Episiotomy Explained: Here’s Everything You Need To Know
For aspiring mums and mums to be, episiotomy is a term they hear a lot in passing and wonder what it is, will I have it and if it’s necessary. In addition to this, people often get confused between tearing and episiotomy and call tearing episiotomy.
While tearing happens naturally, an episiotomy is done by the doctor and is a surgical incision in the perineum (the tissue between the anus and the vaginal opening). The doctor, instead of waiting for the perineum to tear naturally or for complications to arise, will make an incision in the perineum. This surgical routine or process is called an episiotomy.
Is Episiotomy Necessary
According to the World Health Organization (WHO), a routine or liberal episiotomy is not recommended for women undergoing spontaneous vaginal birth and the role of episiotomy in obstetric emergencies remains to be established. This is because routine episiotomy isn’t evidence-based.
However, there are situations in which episiotomy is necessary and can be highly beneficial such as:
- A natural tear going upwards: this can cause damage to the urethra and in this case, an episiotomy might be performed as a preventive measure and to give the baby more room. Episiotomies are performed on the lower part of the vagina (perineum) and will discourage the upward tear.
- Fetal distress: When the baby is low in the birth canal and requires assisted birth. Usually, this requires vacuum or forceps which means the doctors need more space and thus an episiotomy.
- Unique perineum anatomy: When a natural tear begins and a woman has small perineum, an episiotomy might be performed to angle the tear in a way that it doesn’t extend to the anal sphincter.
- Any time assisted birth is necessary, this is because of the way the tools are used.
Natural Tears Vs Episiotomy
After reading all of this, you might be wondering where to lean on in terms of natural childbirth and in the event that your baby needs more space.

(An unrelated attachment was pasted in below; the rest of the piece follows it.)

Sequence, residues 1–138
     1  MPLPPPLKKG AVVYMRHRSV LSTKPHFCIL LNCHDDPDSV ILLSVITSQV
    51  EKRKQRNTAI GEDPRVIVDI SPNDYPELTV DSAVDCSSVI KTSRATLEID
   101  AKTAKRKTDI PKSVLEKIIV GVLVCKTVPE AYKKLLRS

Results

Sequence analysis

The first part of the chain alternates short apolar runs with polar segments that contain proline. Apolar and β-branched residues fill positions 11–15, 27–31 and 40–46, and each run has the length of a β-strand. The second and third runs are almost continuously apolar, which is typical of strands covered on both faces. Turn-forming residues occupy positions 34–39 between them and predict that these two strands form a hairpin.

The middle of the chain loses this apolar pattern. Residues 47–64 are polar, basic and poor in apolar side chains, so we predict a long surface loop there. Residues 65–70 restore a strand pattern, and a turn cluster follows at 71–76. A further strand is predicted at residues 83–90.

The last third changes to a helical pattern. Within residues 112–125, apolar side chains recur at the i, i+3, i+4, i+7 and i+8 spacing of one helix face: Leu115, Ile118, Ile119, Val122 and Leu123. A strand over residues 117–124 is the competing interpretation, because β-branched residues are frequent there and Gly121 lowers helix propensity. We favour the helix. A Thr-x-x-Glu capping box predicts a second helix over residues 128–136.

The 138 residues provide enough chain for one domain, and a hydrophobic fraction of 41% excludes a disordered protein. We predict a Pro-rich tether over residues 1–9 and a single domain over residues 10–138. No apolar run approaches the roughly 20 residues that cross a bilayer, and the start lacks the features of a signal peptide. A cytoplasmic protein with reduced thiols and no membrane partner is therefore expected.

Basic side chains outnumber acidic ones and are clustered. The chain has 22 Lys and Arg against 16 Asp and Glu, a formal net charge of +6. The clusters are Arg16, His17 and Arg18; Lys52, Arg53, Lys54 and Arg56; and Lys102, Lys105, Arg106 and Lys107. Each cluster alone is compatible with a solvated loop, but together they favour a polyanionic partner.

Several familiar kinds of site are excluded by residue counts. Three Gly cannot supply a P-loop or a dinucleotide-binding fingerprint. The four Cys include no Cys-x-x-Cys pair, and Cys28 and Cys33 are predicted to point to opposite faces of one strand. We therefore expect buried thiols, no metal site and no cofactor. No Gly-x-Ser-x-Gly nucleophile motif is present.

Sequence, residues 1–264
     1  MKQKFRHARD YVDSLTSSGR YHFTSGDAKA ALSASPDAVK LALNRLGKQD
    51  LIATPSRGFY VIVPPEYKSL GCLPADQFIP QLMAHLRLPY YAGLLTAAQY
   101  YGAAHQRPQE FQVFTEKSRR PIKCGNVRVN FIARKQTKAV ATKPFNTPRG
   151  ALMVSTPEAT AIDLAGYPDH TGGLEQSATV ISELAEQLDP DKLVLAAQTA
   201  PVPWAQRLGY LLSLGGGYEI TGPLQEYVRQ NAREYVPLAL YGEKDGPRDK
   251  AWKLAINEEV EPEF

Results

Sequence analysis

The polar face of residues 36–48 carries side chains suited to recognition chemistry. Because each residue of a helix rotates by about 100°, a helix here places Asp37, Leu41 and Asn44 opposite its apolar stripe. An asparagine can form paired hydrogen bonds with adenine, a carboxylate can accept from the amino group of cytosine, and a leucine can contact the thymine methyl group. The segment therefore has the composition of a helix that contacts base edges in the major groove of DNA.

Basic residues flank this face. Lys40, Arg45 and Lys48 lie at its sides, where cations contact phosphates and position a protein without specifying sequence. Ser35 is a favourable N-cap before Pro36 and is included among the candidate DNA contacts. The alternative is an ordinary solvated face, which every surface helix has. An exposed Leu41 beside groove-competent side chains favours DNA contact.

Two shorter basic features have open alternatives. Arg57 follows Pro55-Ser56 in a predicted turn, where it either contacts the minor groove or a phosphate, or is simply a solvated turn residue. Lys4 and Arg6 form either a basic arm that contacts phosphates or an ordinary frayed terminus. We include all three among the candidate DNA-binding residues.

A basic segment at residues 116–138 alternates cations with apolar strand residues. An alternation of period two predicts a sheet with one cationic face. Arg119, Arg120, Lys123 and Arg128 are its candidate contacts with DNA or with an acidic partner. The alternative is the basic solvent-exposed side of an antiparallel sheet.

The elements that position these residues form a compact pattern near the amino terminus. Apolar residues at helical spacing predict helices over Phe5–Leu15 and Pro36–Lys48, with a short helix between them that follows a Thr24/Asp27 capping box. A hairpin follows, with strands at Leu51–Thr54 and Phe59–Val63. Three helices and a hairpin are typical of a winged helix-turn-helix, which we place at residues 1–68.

First, let’s look into Natural Tears
Natural tears can be 1st degree, 2nd degree, 3rd degree, or 4th-degree tear depending on how far they go and how they affect the perineum.
First-degree tears are superficial, only affect the skin, and might need a few stitches.
Second-degree tears affect the skin and the muscle and require a few stitches.
A third-degree tear involves skin, muscle, perineum tissues and requires stitches while a fourth-degree tear is similar to the third-degree tear but also involves the anal sphincter.
In both cases, there are risks involved such as:
- Infection during healing
- Damage to the nerve and tissues
- The need for stitches and for an episiotomy, risks can also include a need for stitches more deeper than natural tears, prolonged healing and painful intercourse due to scar tissues.
Overall, natural tears heal faster and have fewer risks than episiotomy which is only recommended in the aforementioned instances. Episiotomies are only recommended in case the baby needs assistance or in case a natural tear happens upwards towards the urethra.
Episiotomies increase the risk of long term pelvic floor, vaginal damage, and anal sphincter damage, especially when done routinely. Therefore, natural tears are recommended.
This article is for information purpose only and should not be considered as Medical or Obstetric Advice. Consult an Obstetrician before making any obstetric decision.
You may also like This is what Happens to your Body after Vaginal Birth